Where do you get your best ideas? It’s important to pay attention to which regular activity in your life stimulates your creativity. When working in the garden, does your mind begin to percolate? While mowing the lawn, do you suddenly begin to brainstorm great possibilities? Is it on your evening walk that good ideas churn in your head?

Almost everyone has some daily activity, or something they do several times a week, on a regular basis, that, for some reason, gets their creative wheels turning. Cleaning dishes, folding laundry, mopping floors, pruning trees, taking a shower or bath, working out at the gym, taking a walk, brushing your teeth…

What is it for you?

Whatever it is, try to find a way to capture those ideas at the moment they’re hatching. It doesn’t have to be a lengthy treatise; just jot down a couple sentences or keywords to trigger development of the idea later.

Without the step of recording your ideas, you will inevitably let at least a few slip away. It’s very difficult to keep more than two or three ideas in your head at a time, until you get somewhere where you can record them later.

When I started carrying my digital recorder on my runs, it was an eye-opener. When I realized just how much valuable material I was able to capture with a (breathless) sentence or two, I was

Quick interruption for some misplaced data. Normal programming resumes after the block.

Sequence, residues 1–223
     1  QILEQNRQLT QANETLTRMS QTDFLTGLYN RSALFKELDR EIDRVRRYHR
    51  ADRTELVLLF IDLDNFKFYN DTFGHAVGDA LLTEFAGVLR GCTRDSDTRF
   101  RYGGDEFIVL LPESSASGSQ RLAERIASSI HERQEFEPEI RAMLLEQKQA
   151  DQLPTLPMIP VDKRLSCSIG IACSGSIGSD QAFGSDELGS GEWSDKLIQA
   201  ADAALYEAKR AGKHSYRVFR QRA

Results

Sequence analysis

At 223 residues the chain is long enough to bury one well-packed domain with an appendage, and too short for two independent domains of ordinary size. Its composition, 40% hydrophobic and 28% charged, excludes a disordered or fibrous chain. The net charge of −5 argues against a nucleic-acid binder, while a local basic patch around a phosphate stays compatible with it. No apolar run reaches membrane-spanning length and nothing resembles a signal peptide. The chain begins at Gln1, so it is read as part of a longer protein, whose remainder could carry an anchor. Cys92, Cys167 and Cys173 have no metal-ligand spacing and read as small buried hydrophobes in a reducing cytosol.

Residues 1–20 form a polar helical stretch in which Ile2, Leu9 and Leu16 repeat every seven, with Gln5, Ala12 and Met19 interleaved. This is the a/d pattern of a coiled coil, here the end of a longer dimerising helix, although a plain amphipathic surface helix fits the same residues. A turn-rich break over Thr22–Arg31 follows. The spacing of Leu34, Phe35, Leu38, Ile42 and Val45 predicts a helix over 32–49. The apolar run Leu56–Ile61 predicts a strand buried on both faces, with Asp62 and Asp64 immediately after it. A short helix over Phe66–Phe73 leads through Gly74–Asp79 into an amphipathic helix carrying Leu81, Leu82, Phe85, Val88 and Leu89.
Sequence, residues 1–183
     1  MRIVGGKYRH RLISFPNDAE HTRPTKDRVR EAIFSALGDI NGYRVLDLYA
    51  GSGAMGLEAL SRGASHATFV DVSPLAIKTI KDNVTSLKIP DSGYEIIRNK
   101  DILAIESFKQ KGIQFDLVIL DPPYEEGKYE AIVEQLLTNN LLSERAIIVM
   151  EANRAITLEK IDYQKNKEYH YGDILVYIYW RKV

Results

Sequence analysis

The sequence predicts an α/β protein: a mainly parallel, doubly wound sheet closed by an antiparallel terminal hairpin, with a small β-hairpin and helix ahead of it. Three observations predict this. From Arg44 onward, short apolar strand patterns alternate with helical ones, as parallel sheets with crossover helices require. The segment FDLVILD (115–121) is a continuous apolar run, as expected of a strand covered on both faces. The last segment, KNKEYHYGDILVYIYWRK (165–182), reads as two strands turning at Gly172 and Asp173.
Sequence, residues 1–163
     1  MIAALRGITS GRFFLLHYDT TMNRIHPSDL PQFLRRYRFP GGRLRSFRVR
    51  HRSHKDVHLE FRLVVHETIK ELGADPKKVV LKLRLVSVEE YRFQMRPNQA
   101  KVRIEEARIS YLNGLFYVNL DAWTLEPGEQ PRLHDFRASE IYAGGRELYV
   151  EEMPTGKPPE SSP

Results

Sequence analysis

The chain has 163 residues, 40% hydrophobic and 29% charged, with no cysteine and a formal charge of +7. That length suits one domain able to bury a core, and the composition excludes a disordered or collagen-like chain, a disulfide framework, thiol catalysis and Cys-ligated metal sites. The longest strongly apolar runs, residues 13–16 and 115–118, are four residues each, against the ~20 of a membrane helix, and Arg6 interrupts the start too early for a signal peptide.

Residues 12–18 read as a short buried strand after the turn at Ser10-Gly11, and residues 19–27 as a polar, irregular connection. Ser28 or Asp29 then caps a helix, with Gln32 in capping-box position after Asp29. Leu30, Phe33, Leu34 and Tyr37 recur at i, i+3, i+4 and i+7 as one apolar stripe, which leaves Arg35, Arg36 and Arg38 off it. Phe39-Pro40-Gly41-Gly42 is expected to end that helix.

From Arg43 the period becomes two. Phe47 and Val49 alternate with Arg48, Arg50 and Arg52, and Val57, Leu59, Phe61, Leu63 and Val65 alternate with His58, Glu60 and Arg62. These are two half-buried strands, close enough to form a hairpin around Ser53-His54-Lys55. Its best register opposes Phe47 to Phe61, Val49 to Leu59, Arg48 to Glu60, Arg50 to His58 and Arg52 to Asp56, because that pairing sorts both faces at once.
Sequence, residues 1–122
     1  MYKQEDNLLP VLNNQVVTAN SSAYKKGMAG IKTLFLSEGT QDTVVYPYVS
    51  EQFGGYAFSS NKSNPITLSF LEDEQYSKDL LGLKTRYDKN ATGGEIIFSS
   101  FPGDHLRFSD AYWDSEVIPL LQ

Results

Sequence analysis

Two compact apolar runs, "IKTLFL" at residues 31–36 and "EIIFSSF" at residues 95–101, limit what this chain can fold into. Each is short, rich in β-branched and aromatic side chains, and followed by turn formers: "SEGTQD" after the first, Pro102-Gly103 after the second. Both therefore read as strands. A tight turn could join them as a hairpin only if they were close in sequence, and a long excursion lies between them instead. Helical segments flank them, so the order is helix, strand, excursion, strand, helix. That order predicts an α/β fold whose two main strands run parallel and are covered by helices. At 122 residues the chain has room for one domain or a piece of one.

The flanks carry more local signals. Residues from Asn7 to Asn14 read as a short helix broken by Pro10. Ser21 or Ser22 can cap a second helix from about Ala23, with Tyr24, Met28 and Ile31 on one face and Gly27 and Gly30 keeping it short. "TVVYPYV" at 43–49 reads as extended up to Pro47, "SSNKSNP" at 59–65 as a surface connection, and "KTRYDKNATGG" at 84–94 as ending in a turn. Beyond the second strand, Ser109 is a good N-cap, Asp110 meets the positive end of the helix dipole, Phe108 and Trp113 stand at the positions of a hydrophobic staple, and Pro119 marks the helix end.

astounded—and alarmed at how many good ideas I probably lost before taking that step.

Of course, every idea hatched on a run, or in the shower, or wherever, isn’t going to be good, or even viable. But some are. And by recording your creative ideas in the moment, you’ll be sure to capture the good ones and build on them rather than letting opportunities die off with your short-term memory.

And here’s the kicker: when you get in the habit of writing or recording your ideas in real time, it has a positive brain-building effect, and you will become better at remembering your ideas, and encapsulating them.

Gardening, running, hiking, driving or feeding the animals…whatever it is you do on a regular basis that sparks your best creativity, visit that activity as much as you can, and find a way to record what happens inside your head.

Give Them Something for Free

Published on April 8, 2013 by Eric Weld